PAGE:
Prior to the outbreak of the coronavirus, tickets to join the studio audience for “Saturday Night Live” were a valuable commodity – offered for free by NBC, but so difficult to obtain that some comedy fans were willing to pay for them.
But now tickets to this long-running sketch show – still free and still scarce – have an added bonus: members of its studio audience have been paid to attend.
The payments are the result of new guidelines implemented by the state of New York, which regulated the reopening of businesses and industries during the pandemic.
Sean Ludwig, who participated in the “S.N.L.” first season on weekends, said he and seven friends who had gone with him each received a check for $ 150 from Universal Television, a division of NBC’s parent company, at the end of the show.
“We had no idea that we would be paid before the checks were handed to us,” Ludwig said. “We were all pleasantly surprised.”
Ludwig, a freelance writer who runs a barbecue website and newsletter, said he and his friends got their tickets via a website called 1iota that monitors audiences for talk shows and other events. Ludwig said he had undergone a rapid test for the virus and asked to sign health forms indicating they had no Covid-19 or symptoms of the disease and had not come into contact with anyone who had it before he was allowed to. attend the show.
In the days preceding the “S.N.L.” prior to the season, it was unclear whether the show would be able to draw studio audiences from the general public, as it has done in past years, due to state restrictions on reopening during the pandemic. In a previous statement, the state health department said ticketed events had been banned since March 16 and that the restriction had not changed.
But “S.N.L.” had previously asked live audience members to register through his 1iota page, which has since been removed. The show had asked candidates to request seven to nine tickets for people they considered part of their “social bubble” and outlined the coronavirus-related precautions the show would take.
Based on the pandemic-era media production guidelines issued by the state, television shows cannot host a live audience unless paid employees, cast and crew. And if the show decides to create an audience with its employees, the audience can only be 25% of its typical size and cannot be more than 100 people.
That left “S.N.L.” one option that would allow them to include audience members in its live audience, while staying in line with state rules: pay those audience members as employees.
A spokesman for the state health department, Jonah Bruno, said in a statement Monday evening that “S.N.L.” had confirmed to them that he had followed the state’s reopening lead by selecting audience members through a third party selection and casting process and compensating them for their time.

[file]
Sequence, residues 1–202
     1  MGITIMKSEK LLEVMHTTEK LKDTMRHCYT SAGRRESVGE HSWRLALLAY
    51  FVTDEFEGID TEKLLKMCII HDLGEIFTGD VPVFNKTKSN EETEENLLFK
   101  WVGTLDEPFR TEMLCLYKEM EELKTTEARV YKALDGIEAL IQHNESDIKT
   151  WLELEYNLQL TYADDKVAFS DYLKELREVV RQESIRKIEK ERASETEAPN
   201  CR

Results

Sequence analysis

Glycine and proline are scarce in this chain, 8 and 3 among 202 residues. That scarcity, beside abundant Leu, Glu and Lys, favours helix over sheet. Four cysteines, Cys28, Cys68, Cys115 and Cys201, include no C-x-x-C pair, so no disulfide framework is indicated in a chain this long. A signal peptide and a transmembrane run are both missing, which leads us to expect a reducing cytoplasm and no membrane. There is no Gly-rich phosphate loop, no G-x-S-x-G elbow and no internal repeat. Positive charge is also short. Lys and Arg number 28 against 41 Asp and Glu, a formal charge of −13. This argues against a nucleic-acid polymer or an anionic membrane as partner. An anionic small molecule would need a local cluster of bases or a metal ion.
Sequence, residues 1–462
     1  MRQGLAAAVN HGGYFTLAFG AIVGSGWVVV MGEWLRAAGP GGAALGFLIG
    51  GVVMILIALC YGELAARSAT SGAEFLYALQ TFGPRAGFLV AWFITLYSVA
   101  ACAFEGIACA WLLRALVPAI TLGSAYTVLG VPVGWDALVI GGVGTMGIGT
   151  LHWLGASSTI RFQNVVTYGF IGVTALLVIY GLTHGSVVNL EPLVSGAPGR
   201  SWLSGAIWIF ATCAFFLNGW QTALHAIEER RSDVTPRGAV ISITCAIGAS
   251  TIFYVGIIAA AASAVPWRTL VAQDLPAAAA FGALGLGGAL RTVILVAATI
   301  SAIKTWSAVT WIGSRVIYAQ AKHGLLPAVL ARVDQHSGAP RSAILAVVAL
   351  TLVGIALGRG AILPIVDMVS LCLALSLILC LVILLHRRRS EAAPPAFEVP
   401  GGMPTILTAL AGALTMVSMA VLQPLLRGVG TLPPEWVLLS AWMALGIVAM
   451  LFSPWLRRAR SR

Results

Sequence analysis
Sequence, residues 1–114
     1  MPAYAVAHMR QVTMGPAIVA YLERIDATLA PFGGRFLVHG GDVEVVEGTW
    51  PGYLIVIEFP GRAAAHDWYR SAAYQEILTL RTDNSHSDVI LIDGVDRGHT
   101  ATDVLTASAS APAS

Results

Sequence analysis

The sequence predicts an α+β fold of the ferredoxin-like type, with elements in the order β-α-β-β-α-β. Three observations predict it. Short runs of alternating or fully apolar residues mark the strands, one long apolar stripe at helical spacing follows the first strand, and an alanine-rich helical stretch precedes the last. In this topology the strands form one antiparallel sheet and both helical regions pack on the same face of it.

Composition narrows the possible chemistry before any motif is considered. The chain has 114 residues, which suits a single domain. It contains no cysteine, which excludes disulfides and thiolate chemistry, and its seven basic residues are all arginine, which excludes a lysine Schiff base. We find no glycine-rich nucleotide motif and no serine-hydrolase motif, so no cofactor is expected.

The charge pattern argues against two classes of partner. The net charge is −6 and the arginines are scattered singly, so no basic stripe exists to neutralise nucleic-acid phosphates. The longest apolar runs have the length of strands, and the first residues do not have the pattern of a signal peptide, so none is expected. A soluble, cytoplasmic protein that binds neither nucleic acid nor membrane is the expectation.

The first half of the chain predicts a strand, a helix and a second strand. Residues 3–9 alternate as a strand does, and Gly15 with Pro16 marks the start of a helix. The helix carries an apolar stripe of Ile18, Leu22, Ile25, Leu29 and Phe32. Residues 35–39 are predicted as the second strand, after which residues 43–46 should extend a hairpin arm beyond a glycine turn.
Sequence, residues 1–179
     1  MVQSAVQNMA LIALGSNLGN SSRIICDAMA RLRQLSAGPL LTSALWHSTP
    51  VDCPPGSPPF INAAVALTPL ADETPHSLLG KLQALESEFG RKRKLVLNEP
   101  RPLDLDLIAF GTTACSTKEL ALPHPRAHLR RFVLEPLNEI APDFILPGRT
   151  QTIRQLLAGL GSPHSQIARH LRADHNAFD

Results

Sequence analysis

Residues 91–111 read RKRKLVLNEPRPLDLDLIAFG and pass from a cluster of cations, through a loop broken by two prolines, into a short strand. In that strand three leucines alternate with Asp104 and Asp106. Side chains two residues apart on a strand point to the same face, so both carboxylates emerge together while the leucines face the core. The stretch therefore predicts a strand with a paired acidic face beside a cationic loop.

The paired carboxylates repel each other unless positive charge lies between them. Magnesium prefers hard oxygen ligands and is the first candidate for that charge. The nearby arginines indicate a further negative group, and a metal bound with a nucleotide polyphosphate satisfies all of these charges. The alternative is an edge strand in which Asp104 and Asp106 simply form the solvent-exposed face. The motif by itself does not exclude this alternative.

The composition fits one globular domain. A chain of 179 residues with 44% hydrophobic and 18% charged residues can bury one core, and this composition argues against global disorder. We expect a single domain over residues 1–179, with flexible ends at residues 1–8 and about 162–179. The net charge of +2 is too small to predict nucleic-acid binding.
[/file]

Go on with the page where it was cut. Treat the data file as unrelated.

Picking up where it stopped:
“There is no evidence of non-compliance,” he said, “but if one is found, we will refer the local authorities for follow-up.”
A spokesperson for “Saturday Night Live” said in an email that the show “was working closely with the Department of Health and following all of their guidelines.” The spokesperson did not say how many members of the “S.N.L.” the audience was paid.
“S.N.L.”, which aired by Studio 8H at NBC’s Rockefeller Plaza headquarters, had to stop its live episodes in March due to the spread of the pandemic. It concluded its previous season with three remotely produced episodes consisting of sketches that cast members had filmed from their homes.
Last month, NBC announced that “S.N.L.” would return to its traditional live format, starting with season one on October 3, hosted by Chris Rock. The show is expected to air at least four more episodes live through the end of the month.
A now defunct registration page for “S.N.L.” on the 1iota website outlined the coronavirus protocol for members of its host audience. All guests will be required to take a nasal antigen test upon arrival, with results available before the show begins. They would be required to wear a face cover at all times in the building and asked a series of questions about their potential exposure to the coronavirus. And they should have checked the temperature upon arrival; anyone with a temperature of 100.4 degrees or higher would be asked to leave (along with everyone else in that person’s group).
A portion of the tickets for the show were reserved for health workers, who received a funny shout at the start of the show on Saturday. In his opening monologue, Rock addressed the front of the audience, who he identified as the first responders, and joked, “They’re so good, let’s let the people die tonight so they can see a good show.”